Essentially, the web server would relatively quickly pull 100 KB of content, and then it would be busy for 10 seconds slowly sending this content to the client before freeing its connection.
Now imagine that you have 1,000 simultaneously connected clients who have requested similar content.
Consequently, to handle the increased workloads associated with growing audiences and hence higher levels of concurrency—and to be able to continuously do so—a website should be based on a number of very efficient building blocks.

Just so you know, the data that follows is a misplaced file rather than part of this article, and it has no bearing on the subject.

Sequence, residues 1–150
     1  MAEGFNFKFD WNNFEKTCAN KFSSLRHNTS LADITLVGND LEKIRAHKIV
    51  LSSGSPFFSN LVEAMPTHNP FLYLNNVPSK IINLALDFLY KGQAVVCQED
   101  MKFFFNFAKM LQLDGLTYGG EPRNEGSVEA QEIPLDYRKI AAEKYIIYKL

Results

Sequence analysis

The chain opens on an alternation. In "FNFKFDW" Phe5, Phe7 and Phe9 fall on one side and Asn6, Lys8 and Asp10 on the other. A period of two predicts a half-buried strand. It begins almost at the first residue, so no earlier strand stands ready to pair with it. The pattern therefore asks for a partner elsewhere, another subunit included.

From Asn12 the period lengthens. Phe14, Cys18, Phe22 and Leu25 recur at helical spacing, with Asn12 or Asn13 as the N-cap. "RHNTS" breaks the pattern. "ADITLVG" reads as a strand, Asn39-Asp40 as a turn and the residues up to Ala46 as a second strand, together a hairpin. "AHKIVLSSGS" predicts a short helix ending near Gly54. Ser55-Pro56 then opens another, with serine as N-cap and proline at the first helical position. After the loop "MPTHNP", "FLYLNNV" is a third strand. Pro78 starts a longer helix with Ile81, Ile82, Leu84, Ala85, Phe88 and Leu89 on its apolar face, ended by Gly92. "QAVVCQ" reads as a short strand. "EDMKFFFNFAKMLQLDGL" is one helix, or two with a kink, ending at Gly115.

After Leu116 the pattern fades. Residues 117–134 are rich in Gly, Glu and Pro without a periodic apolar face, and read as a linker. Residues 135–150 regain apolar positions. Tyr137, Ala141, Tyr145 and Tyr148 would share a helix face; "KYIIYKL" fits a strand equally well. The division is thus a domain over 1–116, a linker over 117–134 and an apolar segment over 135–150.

While the other parts of the equation such as hardware (CPU, memory, disks), network capacity, application and data storage architectures are obviously important, it is in the web server software that client connections are accepted and processed.
Thus, the web server should be able to scale nonlinearly with the growing number of simultaneous connections and requests per second.